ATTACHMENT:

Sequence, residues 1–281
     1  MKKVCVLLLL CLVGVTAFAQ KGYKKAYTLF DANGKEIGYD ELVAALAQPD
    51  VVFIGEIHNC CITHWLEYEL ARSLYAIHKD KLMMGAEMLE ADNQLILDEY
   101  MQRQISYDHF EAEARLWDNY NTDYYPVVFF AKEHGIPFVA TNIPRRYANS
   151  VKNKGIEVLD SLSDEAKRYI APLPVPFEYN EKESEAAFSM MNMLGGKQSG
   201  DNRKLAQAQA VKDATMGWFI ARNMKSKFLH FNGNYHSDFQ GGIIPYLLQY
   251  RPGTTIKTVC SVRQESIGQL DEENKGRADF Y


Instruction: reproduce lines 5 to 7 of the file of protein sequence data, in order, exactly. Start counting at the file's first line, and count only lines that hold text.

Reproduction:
   151  VKNKGIEVLD SLSDEAKRYI APLPVPFEYN EKESEAAFSM MNMLGGKQSG
   201  DNRKLAQAQA VKDATMGWFI ARNMKSKFLH FNGNYHSDFQ GGIIPYLLQY
   251  RPGTTIKTVC SVRQESIGQL DEENKGRADF Y